Pike Research

Algae-Based Biofuels Production to Reach 61 Million Gallons per Year by 2020, Forecasts Pike Research

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Source: Pike Research

BOULDER, Colo. - In the face of petroleum scarcity, increasing oil prices, market volatility, and climate change, leaders in government and industry are looking to renewable fuel sources such as algae-based biofuels to reduce expenses and mitigate their acute vulnerability to petroleum supply chains.Yielding 2 to 20 times more oil per acre than leading oilseed crops, algae’s productivity and scalability are seen as its greatest advantages, and a number of key industry players are gearing up their operations to meet the opportunity.Algae biofuels have the added advantage of utilizing non food-based feedstock, with the abilities to grow on non-arable land and utilize a wide variety of water resources including wastewater and seawater.

According to a new report from Pike Research, algae biofuels production will grow rapidly over the next decade, reaching 61 million gallons per year and a market value of $1.3 billion by 2020.While barely a drop in the bucket for biofuels, this represents a compound annual growth rate (CAGR) of 72%, roughly on par with early development in the biodiesel industry.

“On paper, algae could displace worldwide petroleum use altogether, however, the industry has yet to produce a drop of oil for commercial production,” says Pike Research president Clint Wheelock.“Although the algae-based biofuels market will grow rapidly once key cost hurdles are overcome, widespread scale-up will be hampered by a number of difficult challenges including access to nutrients, water, and private capital.”Wheelock adds that with the cost of production still a key obstacle to widespread production, many companies are refocusing production efforts on low-volume, high-value co-products to develop revenue streams over the next decade.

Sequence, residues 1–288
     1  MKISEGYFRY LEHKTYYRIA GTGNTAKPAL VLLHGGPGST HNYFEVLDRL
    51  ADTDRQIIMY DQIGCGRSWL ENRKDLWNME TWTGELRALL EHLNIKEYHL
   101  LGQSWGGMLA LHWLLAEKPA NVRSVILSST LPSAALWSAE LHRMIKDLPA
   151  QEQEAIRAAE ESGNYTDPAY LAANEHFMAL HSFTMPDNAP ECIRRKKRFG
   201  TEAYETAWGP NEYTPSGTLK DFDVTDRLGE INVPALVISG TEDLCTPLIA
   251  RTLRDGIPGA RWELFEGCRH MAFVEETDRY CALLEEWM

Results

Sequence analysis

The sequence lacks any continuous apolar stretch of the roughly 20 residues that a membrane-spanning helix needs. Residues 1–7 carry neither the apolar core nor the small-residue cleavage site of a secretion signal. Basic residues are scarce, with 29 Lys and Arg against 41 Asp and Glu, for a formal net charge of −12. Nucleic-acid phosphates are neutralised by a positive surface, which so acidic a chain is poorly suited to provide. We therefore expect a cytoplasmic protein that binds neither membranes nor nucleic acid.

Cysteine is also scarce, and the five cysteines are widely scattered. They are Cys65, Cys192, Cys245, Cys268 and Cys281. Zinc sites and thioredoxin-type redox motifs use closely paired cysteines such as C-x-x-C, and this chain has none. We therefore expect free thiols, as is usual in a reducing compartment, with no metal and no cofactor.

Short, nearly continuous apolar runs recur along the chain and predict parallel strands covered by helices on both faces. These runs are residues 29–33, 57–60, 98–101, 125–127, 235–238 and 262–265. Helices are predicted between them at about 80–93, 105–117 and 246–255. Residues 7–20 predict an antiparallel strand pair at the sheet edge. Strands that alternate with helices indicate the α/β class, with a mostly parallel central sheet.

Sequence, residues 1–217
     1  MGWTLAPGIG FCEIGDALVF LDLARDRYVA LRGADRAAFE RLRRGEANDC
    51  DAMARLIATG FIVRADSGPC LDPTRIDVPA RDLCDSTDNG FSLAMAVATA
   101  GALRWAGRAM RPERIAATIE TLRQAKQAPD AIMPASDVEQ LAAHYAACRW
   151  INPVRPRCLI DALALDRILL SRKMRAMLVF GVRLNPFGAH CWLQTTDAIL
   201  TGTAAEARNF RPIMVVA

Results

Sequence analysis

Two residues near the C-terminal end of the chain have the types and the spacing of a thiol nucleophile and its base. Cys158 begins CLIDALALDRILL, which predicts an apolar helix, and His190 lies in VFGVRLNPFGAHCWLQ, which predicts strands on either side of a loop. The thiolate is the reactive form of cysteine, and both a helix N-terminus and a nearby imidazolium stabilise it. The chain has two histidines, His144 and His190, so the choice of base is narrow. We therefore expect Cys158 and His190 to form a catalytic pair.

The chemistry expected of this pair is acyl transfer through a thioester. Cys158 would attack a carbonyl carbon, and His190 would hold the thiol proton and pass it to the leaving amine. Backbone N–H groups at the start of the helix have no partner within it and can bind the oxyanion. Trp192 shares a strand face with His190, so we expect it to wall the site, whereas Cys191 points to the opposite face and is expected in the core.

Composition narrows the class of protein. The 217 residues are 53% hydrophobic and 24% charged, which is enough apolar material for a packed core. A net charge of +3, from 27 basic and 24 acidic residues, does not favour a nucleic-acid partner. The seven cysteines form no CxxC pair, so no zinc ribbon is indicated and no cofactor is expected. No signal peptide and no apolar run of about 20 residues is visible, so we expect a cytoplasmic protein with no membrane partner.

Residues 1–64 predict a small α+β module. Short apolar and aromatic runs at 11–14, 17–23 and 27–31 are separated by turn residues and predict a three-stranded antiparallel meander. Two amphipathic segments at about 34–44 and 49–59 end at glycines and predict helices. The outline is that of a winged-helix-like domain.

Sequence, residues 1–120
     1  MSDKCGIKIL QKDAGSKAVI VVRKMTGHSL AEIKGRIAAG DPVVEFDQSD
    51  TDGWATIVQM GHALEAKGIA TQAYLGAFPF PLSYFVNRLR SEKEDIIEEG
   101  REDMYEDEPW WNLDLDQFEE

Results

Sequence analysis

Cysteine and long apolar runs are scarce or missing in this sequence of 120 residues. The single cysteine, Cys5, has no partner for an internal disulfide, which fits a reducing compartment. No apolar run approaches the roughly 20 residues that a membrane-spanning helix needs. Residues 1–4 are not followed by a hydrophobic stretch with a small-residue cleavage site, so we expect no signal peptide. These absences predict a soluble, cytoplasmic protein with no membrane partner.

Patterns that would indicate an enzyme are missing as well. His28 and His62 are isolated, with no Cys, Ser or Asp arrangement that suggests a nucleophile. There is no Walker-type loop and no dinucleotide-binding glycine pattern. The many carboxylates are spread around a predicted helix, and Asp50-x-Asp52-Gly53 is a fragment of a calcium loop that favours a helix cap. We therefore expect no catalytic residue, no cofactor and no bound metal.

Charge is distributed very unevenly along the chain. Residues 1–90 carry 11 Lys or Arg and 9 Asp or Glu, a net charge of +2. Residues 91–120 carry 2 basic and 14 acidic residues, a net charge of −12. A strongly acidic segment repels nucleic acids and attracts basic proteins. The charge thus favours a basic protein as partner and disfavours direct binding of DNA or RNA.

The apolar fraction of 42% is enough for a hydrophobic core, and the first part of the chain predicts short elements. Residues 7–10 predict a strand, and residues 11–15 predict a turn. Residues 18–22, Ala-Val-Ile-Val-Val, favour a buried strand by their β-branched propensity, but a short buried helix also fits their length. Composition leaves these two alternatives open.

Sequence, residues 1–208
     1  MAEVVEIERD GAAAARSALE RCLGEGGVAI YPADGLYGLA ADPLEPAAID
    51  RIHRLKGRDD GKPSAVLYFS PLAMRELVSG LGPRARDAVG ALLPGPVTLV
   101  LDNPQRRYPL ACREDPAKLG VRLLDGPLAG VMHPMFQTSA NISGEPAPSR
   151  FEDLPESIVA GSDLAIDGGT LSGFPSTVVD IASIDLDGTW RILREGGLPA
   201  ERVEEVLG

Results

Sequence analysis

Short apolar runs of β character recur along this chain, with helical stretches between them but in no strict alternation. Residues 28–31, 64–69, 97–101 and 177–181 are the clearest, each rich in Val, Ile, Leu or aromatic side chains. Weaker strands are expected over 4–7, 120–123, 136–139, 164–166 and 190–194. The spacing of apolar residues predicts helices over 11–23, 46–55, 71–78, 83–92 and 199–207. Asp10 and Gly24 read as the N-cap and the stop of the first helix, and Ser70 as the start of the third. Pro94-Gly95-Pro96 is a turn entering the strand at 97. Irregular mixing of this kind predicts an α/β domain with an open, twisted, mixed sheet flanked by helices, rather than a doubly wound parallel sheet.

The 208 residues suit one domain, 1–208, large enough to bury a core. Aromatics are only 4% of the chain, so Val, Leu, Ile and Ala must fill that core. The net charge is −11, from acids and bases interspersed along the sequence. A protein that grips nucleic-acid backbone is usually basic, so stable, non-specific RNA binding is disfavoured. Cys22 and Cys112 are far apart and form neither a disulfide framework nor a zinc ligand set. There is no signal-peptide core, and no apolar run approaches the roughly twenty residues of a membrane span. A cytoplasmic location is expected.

Pike Research anticipates that, with 50% of all algae activity, the United States is poised to ramp up production the earliest among world markets.Pilot- and demonstration-scale facilities are beginning to break ground across the country.The European Union (EU) market, which is home to about 30% of algae activity, will be limited initially by the industry’s focus on university research, and later by insufficient access to water, land, and nutrient sources.Latin America and Asia Pacific, which are home to fewer projects in operation today, are set to gain significant market share in the long run.

Pike Research’s study, “Algae-Based Biofuels”, examines the key growth drivers behind the algae-based biofuels market and outlines unresolved supply challenges.It compares advantages and disadvantages of algae production pathways, leading cultivation technologies, and end-market opportunities.The report includes detailed 10-year market forecasts, segmented by world region, along with analysis of market conditions in key countries and profiles of key industry players that are shaping the emerging algae biofuels business. An Executive Summary of the report is available for free download on the firm’s website.